No matter your business’s size, handling payroll can be a daunting task. Each employee may receive a different payment amount, require various deductions and follow individual compliance requirements.
We’ll explore the difference between gross and net pay, how to calculate each type, and how best to manage payroll responsibilities.
When you provide a job offer to a potential new hire, the contract will often include their gross pay, or the pay they receive before any taxes or deductions are taken out.
Net pay, also called “take-home-pay,” is the actual dollar amount the employee will receive via check, direct deposit or a direct deposit alternative. Net pay is calculated by subtracting any required taxes or voluntary deductions from the gross pay amount.
Gross pay is usually more than net pay since it doesn’t include taxes or deductions, which vary by state and employee choices.
Employers include net pay and gross pay on each employee’s pay stub. Gross pay usually appears first, followed by a list of taxes and deductions, followed by net pay.
Gross and net pay can vary significantly for full-time and part-time employees as well as salaried and hourly employees. After taxes and deductions, an employee’s take-home pay could be hundreds or even thousands of dollars less per pay period.
Gross pay – also known as gross wages or gross income – reflects an employee’s overall salary or hourly wages. An employee receives this amount before any taxes or deductions are calculated.
Additionally, gross wages must meet the federal minimum wage, which is currently $7.25, or a state, county or city’s minimum wage (whichever is higher).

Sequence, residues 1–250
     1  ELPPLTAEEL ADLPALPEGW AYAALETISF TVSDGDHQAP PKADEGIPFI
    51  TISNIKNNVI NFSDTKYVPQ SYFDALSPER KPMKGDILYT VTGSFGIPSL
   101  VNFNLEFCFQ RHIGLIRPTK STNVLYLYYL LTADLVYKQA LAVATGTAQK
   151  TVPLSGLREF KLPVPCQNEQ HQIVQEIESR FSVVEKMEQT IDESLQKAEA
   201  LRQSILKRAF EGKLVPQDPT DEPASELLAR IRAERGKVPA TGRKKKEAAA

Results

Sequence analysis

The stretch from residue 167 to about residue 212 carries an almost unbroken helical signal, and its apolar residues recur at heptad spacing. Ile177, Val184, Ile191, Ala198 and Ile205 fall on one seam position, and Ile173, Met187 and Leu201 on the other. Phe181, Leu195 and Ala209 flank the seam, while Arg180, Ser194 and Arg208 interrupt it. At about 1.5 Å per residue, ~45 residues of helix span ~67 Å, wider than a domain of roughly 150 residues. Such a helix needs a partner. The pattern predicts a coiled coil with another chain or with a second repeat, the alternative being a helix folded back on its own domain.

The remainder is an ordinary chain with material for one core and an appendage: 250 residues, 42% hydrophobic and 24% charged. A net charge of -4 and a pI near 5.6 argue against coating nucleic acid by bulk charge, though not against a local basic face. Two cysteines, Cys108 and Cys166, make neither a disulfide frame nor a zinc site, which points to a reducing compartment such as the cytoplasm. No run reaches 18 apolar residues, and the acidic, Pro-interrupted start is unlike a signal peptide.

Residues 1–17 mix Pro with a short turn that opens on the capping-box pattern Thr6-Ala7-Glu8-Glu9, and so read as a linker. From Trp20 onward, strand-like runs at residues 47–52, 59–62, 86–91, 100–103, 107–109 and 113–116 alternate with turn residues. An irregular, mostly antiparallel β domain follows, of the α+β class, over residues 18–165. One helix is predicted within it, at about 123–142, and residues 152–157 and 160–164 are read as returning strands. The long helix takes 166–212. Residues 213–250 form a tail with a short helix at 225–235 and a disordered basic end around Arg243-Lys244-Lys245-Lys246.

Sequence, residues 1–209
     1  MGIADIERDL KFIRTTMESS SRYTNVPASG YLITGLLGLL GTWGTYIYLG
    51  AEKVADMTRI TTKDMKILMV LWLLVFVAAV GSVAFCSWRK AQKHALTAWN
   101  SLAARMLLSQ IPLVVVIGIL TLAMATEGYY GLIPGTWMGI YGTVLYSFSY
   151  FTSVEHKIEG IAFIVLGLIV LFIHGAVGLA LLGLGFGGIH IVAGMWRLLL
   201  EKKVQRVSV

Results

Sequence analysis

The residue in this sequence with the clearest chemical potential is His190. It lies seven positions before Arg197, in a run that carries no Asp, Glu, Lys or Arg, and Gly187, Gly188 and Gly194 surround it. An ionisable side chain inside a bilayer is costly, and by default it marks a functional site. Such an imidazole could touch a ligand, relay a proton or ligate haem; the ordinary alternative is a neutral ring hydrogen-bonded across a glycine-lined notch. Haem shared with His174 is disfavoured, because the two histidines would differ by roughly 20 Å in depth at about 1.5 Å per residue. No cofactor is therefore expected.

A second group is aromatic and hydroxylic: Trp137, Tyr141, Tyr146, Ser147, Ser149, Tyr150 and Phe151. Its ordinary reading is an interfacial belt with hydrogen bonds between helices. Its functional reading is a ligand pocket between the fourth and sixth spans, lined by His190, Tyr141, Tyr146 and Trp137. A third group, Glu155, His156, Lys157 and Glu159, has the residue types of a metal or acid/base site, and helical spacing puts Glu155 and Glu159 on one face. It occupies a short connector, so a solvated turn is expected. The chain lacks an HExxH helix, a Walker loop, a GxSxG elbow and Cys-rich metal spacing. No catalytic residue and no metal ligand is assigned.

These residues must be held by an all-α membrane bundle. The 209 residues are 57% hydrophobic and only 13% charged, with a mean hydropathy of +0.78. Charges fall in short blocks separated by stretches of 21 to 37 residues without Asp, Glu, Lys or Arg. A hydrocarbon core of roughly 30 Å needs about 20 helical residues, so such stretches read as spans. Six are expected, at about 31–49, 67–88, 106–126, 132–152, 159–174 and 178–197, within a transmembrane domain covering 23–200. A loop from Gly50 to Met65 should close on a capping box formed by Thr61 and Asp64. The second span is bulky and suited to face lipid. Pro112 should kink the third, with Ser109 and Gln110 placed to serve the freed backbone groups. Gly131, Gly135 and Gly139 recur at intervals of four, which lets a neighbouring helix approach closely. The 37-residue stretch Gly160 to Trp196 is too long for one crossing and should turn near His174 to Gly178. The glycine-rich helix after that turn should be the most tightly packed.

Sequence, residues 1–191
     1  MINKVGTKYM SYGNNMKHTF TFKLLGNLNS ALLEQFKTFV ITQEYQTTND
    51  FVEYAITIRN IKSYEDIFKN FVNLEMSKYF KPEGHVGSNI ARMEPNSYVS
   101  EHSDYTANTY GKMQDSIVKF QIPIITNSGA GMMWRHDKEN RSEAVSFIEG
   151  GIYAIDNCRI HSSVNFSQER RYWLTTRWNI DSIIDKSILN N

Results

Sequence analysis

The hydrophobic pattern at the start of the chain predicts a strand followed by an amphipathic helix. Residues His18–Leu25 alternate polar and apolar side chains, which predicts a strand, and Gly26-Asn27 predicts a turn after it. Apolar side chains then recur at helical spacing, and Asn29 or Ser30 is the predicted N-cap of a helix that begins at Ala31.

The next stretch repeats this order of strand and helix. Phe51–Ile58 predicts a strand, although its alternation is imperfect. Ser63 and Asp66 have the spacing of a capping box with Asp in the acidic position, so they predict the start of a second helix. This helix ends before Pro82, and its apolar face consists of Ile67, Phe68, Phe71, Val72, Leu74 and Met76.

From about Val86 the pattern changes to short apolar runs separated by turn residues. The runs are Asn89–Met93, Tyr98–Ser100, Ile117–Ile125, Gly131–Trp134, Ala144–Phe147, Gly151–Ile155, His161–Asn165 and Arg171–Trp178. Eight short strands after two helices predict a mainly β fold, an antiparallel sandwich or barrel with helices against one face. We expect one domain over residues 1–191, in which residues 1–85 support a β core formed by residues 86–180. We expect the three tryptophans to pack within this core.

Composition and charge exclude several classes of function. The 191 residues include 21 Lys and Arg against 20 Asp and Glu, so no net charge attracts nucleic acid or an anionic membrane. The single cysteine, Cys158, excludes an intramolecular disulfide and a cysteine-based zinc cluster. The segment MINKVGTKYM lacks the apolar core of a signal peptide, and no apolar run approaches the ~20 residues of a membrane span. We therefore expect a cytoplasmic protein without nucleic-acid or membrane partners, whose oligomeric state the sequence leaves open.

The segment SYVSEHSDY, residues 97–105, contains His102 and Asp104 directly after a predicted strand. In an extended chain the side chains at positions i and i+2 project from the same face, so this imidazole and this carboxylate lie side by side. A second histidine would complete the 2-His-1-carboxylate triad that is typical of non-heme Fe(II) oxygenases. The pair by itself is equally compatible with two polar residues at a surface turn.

Gross pay is an agreed amount between the employer and employee when the worker accepts the job, gets promoted, or transfers to a new department or position.
Calculating gross pay differs depending on whether the employee is salaried or hourly.
Employees who receive a fixed amount each year (i.e., $40,000 annually) are salaried employees. The Fair Labor Standards Act (FLSA) considers salaried employees exempt under U.S. federal law.
>>Read More: Hourly to Salary Calculator
Whether a salaried employee’s pay schedule is weekly, biweekly or monthly, the formula to calculate their gross income remains the same. Use this formula to calculate gross pay for a salaried worker:
Annual gross salary ÷ number of pay periods = gross pay for salaried employees
For example, if a salaried employee’s gross pay is $40,000 and you want to calculate their monthly or weekly pay, divide $40,000 by 12 or 52, respectively. Thus, a $40,000 salary results in gross pay of $3,333 monthly or $769 weekly.
Many industries use hourly workers as part of their workforce, including retail, transportation, hospitality, construction, manufacturing and government. Hourly employees are paid for each hour worked.
>>Further Reading: Salary to Hourly Calculator
There is no minimum number of hours an hourly employee must work, and an employer is required to pay the employee only for the time they have logged. Therefore, hourly workers are considered nonexempt under the FLSA.
This is the formula for calculating gross pay for hourly employees:
Gross hourly rate x hours worked per pay period = gross pay for hourly employees
An hourly worker’s gross pay is calculated per pay period. If a worker earns $14 per hour for 40 hours per week and gets paid weekly, their weekly gross pay is $560 ($14 x 40). Their yearly gross pay is $29,120 ($14 x 40 x 52).
There are two types of deductions for gross pay: required and voluntary. Deductions can vary by employee and paycheck.